Walter Hines Page High School opened its doors in September, 1958, under the leadership of Principal Luther R. Medlin. The school was named for Walter Hines Page, a North Carolina journalist, diplomat, supporter of education, and ambassador to Great Britain.
Page began with a small student body of approximately 500 and a staff of 30. The enthusiasm and dedication of those early years were unmatched. Page was the first school in the history of North Carolina to earn accreditation in the first year of its existence. As the school population grew, the existing facility became inadequate. The auditorium and G-wings were added in 1962-63. Other additions throughout the years included an extension to A-wing for more classrooms, a new second gymnasium, lighted tennis courts, a football stadium, and cafeteria extension. With the inclusion of the ninth grade at Page in 1986-87, mobile classroom units were added around the campus.
The beautiful and well-kept grounds around the school make the Page campus one of the loveliest in the city. The school is indebted to the tireless efforts of Mrs. Alma Pinnix for her beautification work. Almost singlehandedly Mrs. Pinnix planted the flowers, shrubs, and trees that enhance our grounds. The death of Mrs. Pinnix in 1981 was a loss to everyone, and in her honor and memory, the street in front of Page High School was renamed Alma Pinnix Drive.
In 1967 Mr. Medlin, who had led the school through its development years, left Page to become President of Guilford Technical Institute (now GTCC). He was succeeded by Mr. Robert A. Newton, who was principal from 1967-70. Mr. Robert A. Clendenin, formerly principal of Aycock Junior High School, became the third Page principal in 1970 and remained through July, 1991. Mr. Paul J. Puryear became the fourth principal of Page in August, 1991. Mr. Puryear attended Page as a student, served as an assistant principal for nine years, and returned to Page from a two-year term as principal of Athens Drive High School in Raleigh.
The fine academic reputation which Page now enjoys was evident from the beginning. Between 1959 and 1965 Page produced two Morehead Scholars each year and continues to compete admirably in that program. A chapter of the National Honor Society was chartered during the 1958-59 school year. Since 1983-84 Page has participated in the North Carolina Scholars and Presidential Academic Fitness Programs. Page continues to win new academic honors regionally, statewide and nationally in such areas as Science Olympics, High IQ, and Computer High IQ. Many students over the years have won, and continue to win, valuable competitive scholarships and academy appointments.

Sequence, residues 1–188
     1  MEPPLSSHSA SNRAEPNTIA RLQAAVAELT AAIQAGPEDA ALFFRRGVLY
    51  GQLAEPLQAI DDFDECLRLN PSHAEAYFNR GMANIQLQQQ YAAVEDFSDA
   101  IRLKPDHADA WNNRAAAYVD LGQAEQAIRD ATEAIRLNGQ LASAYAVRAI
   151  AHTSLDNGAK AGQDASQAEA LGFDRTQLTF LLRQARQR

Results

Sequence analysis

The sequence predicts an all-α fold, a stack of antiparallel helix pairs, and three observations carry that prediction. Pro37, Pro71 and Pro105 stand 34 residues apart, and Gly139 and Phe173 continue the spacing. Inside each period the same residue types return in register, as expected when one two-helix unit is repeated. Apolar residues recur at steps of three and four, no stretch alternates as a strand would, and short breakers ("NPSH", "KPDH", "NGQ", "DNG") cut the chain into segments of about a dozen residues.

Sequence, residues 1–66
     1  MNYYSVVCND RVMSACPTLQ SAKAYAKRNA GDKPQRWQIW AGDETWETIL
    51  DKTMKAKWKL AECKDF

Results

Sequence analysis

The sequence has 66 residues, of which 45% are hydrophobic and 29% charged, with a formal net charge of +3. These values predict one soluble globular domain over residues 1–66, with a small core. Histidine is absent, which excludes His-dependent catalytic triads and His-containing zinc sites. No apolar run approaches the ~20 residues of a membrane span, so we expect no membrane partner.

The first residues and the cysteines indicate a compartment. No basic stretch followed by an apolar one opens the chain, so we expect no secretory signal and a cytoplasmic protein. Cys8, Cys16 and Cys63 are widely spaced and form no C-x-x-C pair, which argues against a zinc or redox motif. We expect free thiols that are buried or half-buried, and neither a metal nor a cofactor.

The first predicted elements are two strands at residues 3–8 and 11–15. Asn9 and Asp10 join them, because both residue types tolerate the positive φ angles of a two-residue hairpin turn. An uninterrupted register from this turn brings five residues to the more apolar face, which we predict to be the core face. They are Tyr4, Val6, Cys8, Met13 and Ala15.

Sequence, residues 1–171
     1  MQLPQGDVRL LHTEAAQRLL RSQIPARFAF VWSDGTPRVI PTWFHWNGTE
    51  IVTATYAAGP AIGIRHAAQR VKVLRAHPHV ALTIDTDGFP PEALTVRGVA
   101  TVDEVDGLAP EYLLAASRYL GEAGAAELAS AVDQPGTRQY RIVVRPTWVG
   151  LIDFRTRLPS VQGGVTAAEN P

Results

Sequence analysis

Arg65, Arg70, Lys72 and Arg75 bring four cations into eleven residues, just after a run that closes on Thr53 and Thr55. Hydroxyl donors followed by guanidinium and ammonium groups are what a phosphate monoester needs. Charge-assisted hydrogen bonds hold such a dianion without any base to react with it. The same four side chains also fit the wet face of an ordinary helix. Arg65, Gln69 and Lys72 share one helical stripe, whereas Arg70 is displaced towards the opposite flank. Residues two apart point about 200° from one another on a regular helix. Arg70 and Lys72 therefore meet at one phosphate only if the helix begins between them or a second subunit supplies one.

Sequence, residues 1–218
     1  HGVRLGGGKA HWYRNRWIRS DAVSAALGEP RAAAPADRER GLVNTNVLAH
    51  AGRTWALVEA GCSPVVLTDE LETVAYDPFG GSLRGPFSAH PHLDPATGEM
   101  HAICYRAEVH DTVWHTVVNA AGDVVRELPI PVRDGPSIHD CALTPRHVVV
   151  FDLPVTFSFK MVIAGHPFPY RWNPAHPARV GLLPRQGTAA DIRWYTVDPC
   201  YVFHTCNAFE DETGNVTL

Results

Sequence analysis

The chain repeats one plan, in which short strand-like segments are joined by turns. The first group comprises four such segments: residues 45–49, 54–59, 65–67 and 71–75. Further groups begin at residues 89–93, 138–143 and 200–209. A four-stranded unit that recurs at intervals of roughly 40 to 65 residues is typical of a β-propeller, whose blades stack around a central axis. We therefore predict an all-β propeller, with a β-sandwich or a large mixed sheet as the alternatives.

Colleges and universities, both in and out of North Carolina, have great respect for the scholastic standing of Page graduates. In cultural arts Page High School has consistently ranked number one in band, choral music, and orchestra. During 1981-82 Page's Cultural Arts Department was a national finalist for the coveted $10,000 Rockefeller Foundation Grant. The music department has performed both nationally and internationally.
The spirit of Page High School has always been unsurpassed. Many fine athletic teams have been cheered to victory. Pirate teams have been State 4-A champions in football, boy's and girls' soccer, basketball, and boys' and girls' tennis. In 1982-83 Page was the recipient of the Wachovia Cup for outstanding athletic achievement in the state, and the News and Record Cup for the best overall winning percentage in varsity competition in the city and county.
Page High School has gone through many changes since its beginning, growing from a student body of 500 to almost 2,000 and from a staff of 30 to more than 100. The buildings are different and the faces are always changing, but the purpose and resolve remain the same: to offer the best possible education available.